While the New Jersey Legislative Assembly is consider an invoice that would prohibit factors unrelated to the conduct of auto insurance determinations, Koubiadis said the Department of Banking and Insurance has the authority to change its regulations on its own.
A Department of Banking and Insurance spokeswoman said the agency was not commenting on the pending legislation.
Who pays more?
Michael DeLong, research associate for the Consumers Federation of Americaconsumer advocate, said it looked at data from New Jersey’s 10 largest auto insurance companies and found that consumers with poor credit scores pay an average of $1,300 more a year in their premiums – or 156% – than drivers with good credit ratings.
“A lot of people have poor credit due to circumstances beyond their control. You could have bad credit because you grew up in a low-income family and didn’t have access to credit cards. or other financial instruments, you could also have bad credit because you went through a medical crisis and were bankrupt,” DeLong told Gothamist.
Statewide, consumers with excellent credit scores and perfect driving records pay an average annual premium of $842; those with fair credit pay an average of $1,384. And those with bad credit pay an average of $2,153, according to data acquired by the Consumer Federation of America from Quadrant Information Services.
“It’s really unfair because it ends up being a tax on low-income people. They end up paying more, even though they usually have less,” DeLong said.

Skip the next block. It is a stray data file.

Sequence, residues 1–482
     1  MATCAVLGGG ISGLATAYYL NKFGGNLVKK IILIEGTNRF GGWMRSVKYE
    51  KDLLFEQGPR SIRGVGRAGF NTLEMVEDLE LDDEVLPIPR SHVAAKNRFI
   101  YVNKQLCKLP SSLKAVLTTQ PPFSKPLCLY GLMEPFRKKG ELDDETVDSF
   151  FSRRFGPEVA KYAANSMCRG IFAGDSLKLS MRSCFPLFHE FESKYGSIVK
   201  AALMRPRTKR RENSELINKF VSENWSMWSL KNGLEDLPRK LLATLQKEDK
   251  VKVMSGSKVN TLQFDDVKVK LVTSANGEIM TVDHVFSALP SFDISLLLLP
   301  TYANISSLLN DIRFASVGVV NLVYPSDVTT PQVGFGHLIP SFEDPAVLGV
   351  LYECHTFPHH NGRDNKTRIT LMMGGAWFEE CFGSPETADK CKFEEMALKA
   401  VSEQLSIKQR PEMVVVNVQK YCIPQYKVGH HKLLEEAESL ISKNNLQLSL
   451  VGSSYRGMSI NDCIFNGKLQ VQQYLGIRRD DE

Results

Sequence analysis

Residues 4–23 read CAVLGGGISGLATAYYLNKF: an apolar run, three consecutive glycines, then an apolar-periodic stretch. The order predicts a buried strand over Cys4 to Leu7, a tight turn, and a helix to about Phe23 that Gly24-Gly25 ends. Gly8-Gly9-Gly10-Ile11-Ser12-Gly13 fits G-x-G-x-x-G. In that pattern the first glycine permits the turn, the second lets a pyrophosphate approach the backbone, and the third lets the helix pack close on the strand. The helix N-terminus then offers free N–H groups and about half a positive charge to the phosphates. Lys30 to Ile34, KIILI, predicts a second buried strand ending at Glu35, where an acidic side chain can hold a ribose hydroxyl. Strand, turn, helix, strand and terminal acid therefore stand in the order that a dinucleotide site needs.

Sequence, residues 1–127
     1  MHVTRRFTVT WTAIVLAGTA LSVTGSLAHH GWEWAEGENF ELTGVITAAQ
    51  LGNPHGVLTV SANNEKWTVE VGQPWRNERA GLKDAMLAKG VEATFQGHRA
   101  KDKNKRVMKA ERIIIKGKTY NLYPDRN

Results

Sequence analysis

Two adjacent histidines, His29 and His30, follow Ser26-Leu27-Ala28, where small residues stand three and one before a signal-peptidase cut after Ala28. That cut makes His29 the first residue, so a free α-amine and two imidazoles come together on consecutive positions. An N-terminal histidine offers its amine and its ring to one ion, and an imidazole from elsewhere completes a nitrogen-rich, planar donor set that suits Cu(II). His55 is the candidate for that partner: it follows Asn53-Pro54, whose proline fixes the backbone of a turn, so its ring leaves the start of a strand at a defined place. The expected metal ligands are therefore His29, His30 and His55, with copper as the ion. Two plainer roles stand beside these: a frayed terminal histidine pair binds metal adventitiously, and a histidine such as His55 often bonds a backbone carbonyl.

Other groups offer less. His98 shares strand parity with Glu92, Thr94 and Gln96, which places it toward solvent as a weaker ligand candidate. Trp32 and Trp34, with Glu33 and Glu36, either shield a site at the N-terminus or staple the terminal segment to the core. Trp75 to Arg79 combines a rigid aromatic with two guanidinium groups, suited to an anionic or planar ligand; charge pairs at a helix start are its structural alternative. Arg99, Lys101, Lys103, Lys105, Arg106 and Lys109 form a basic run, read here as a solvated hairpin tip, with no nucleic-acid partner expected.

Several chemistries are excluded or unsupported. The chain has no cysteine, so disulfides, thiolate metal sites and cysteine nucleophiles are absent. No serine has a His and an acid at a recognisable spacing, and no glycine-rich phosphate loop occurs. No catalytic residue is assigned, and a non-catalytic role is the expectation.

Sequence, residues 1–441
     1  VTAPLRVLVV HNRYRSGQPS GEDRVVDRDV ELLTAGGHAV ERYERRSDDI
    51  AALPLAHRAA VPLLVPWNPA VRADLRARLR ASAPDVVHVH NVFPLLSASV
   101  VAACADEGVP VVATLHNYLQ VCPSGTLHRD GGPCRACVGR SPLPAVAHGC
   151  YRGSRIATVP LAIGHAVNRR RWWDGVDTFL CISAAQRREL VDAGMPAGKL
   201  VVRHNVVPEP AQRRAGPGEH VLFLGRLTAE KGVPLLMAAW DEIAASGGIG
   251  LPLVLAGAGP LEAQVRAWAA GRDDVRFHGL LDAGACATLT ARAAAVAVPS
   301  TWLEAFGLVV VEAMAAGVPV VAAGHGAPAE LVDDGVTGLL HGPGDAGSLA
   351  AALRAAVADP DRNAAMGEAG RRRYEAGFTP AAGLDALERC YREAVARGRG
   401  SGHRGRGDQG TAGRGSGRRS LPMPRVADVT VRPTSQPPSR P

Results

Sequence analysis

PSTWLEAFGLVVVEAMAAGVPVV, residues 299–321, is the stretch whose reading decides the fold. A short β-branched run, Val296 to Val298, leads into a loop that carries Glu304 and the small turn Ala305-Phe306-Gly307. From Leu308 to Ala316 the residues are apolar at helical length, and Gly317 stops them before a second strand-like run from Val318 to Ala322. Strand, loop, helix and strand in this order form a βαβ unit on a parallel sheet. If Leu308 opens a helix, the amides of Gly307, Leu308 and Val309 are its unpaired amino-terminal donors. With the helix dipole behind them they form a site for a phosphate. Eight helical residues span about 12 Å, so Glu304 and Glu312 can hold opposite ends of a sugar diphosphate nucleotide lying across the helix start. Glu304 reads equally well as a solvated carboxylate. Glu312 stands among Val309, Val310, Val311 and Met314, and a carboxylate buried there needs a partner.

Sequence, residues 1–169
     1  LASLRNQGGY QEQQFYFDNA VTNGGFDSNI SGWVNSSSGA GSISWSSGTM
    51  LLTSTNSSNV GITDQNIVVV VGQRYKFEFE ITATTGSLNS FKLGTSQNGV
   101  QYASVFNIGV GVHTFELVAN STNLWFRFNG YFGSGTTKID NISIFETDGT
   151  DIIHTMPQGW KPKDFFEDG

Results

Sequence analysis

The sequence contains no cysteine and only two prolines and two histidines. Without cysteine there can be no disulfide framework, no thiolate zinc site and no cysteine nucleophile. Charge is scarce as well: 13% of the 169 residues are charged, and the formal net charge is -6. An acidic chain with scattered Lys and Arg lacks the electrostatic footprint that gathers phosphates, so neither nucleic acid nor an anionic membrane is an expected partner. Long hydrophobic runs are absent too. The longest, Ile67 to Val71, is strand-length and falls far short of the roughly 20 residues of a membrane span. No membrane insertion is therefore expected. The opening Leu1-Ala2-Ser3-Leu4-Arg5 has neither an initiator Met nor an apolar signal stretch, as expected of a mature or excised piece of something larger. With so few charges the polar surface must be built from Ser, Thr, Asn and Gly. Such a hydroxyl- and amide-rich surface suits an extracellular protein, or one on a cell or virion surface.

The data also shows that New Jersey drivers living in predominantly Black or Latino ZIP codes pay roughly 50% higher premiums than motorists residing in predominantly White ZIP codes. Delong said black and Latino residents on average tend to have lower credit scores, lower levels of education and lower-paying jobs due to systemic discrimination.
Widens the wealth gap
Basing car insurance policies on those same factors only exacerbates the wealth gap, proponents say.
“The predatory practice of charging black and brown drivers higher rates based on factors unrelated to their driving record is unjustifiable,” Nicole Rodriguez, research director for New Jersey Policy Perspective, said Monday. at a rally outside Trenton.
DeLong said insurance companies have failed to demonstrate how these non-driving factors relate to driving risk.
“They are not what your driving records should be based on. They have little or no connection to whether you are a safe driver,” he said.
New Brunswick resident Tony Scimone said his auto insurance increased by more than $3,000 a year and his monthly payments went from $80 to $374 after buying a new car. He said it was because of his credit rating.
“My credit score has nothing to do with my driving ability, my record or my risk,” he said at the Trenton press conference. “My driving record is excellent, why should my or someone else’s credit history be used to charge us so much more?”